Press Digest: Way now open for Ukraine to join NATO, says secretary general

NATO foreign ministers and U.S. Secretary of State John Kerry (5th R) attend a meeting at the Alliance's headquarters in Brussels December 2, 2014. Source: Reuters/Yves Herman

NATO foreign ministers and U.S. Secretary of State John Kerry (5th R) attend a meeting at the Alliance's headquarters in Brussels December 2, 2014. Source: Reuters/Yves Herman

RBTH presents a selection of views from leading Russian media on international events, featuring reports on the meeting of NATO foreign ministers in Brussels and the reaction to Russia’s decision to abandon the South Stream gas pipeline, and analysis of the inclusion of several foreigners in the new Ukrainian parliament.

Nezavisimaya Gazeta 

Reporting on the meeting of NATO foreign ministers in Brussels on Dec. 2, Nezavisimaya Gazeta newspaper writes that, despite all the intensity of the Ukrainian conflict, the majority of the NATO’s foreign ministry representatives exclude the possibility of a new Cold War.

However, Poland and the Baltic countries have again demonstrated their preoccupation with Russia's behavior in the conflict. They are afraid that the tactics that Moscow is using in Ukraine could also be used against them. Therefore NATO's brainstorming was aimed at producing effective measures that can be used to counter Russia's tactics.

Appearing before journalists immediately after the meeting, NATO Secretary General Jens Stoltenberg announced that Ukraine is abandoning its non-aligned status and can therefore become a NATO member. "Earlier Ukraine officially adhered to the non-alignment position," said Stoltenberg. "Now the government has announced that Ukraine will no longer have this status, and we respect this decision."

The alliance will increase the number of its advisors in Kiev and will add a fifth trust fund to the four already announced. The resources, provided by Bulgaria and Slovakia, will be used to rehabilitate wounded Ukrainian soldiers. Nezavisimaya Gazeta is aware of the existence of secret agreements on the Ukrainian army's highly intensive adaptation of NATO standards.

Kommersant

The Kommersant newspaper has been following the formation of the government in Ukraine. The main distinguishing factor of the new cabinet of ministers is the unprecedented inclusion of foreigners, notes the publication. According to Kommersant, the candidates were selected by headhunting firms, whose services were paid for by one of billionaire financier George Soros's funds.

In the end, Ukrainian President Petro Poroshenko approved only three candidates: The Finance Ministry was given to U.S.-born Natalie Jaresko, Georgian Alexander Kvitashvili received the Health Ministry and the Lithuanian-born Aivaras Abromavicius obtained the Ministry of Economic Development and Trade. Poroshenko made all three ministers Ukrainian citizens in an accelerated procedure (it normally takes about five years).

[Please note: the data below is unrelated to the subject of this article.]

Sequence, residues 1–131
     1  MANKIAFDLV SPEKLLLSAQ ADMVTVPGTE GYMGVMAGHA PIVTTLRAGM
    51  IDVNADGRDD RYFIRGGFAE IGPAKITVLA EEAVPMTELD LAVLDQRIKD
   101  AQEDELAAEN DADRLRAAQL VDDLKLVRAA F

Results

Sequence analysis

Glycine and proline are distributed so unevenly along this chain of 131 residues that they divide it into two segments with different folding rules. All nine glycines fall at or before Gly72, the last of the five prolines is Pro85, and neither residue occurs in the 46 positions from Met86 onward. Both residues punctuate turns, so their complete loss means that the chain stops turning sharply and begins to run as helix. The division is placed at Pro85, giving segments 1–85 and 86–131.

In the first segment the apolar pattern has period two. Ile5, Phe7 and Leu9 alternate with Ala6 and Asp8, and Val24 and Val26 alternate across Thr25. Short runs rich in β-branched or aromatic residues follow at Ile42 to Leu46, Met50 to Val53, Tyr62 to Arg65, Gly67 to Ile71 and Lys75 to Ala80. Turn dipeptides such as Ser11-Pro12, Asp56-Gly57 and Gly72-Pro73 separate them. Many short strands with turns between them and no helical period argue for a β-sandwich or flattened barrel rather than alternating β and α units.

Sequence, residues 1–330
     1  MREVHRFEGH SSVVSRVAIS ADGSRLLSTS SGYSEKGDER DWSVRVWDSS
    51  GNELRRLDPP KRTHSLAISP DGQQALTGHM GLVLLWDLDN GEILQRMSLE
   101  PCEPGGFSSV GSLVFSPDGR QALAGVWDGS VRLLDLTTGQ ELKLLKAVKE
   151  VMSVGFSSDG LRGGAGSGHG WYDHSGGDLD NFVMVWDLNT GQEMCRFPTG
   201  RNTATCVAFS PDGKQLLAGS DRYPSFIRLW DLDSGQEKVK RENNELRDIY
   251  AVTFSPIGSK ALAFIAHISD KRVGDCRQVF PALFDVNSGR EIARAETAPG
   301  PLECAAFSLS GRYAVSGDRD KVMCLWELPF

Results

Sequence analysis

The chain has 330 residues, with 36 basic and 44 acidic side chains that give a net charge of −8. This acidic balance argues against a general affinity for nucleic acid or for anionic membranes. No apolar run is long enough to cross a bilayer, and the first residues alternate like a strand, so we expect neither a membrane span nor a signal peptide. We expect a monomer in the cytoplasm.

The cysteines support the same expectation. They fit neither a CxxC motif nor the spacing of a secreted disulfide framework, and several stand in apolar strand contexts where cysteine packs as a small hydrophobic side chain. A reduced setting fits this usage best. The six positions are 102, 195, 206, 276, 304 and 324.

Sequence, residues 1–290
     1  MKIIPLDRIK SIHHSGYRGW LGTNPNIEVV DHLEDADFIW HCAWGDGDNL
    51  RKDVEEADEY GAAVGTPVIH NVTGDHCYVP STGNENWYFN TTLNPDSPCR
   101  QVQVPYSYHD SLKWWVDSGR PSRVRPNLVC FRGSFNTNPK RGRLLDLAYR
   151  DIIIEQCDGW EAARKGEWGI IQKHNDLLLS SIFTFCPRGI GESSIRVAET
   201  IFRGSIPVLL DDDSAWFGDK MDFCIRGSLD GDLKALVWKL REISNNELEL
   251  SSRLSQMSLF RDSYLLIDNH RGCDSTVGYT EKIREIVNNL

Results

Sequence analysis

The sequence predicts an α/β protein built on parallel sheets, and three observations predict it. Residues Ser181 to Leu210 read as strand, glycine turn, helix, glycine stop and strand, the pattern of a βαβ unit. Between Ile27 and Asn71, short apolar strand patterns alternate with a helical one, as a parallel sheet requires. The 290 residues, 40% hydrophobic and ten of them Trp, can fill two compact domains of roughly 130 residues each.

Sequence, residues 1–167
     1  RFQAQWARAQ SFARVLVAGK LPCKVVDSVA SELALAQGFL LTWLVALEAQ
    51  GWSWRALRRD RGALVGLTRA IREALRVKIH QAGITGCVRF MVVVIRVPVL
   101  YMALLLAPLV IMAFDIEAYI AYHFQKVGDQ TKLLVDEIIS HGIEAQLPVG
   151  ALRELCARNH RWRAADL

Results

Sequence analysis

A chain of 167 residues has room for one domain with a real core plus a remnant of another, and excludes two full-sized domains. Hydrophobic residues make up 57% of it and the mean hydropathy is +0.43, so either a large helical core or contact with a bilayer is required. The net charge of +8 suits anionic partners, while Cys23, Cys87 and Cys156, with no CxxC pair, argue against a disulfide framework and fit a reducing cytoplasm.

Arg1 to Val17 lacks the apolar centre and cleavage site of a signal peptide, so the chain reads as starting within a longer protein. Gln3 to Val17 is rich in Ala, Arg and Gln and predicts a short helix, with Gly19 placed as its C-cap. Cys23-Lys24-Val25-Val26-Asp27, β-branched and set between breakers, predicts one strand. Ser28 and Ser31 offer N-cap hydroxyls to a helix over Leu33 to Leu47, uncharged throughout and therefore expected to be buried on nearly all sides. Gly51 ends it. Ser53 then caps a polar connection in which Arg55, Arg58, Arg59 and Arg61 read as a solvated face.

"By inviting foreigners into the government, the authorities wish to show the population that they are committed to serious reforms," writes Kiev political analyst Dmitry Dzhangirov. "But the problem is that a foreign citizen will not be able to quickly fit into the Ukrainian official apparatus." Dzhangirov believes that it is unlikely that the ministries will be able to function properly while the foreign officials are adapting.

Moskovsky Komsomolets

The Moskovsky Komsomolets newspaper reports on the reasons that forced the Russian government to abandon the construction of the South Stream gas pipeline linking Russia and Central Europe via the Black Sea.

"Why are European officials so up in arms about South Stream?" writes the newspaper. "Because by 2018, when the gas pipeline would have been fully functional, South Stream would have bypassed Ukraine, through whose territory half of Russia's gas to Europe now transits."

Experts believe that abandoning South Stream is a diplomatic fiasco for Putin. Gazprom has already spent 400 billion rubles (about $8 billion) on the project and Russian factories have begun producing pipes and parts, expecting to make about 1.8 billion euros ($2.2 billion). And most importantly, South Stream would have supplied 63 billion cubic meters of gas a year, which represents more than $25 billion in annual revenue.

Press Digest: Russia to abandon South Stream, says Putin on visit to Turkey>>>

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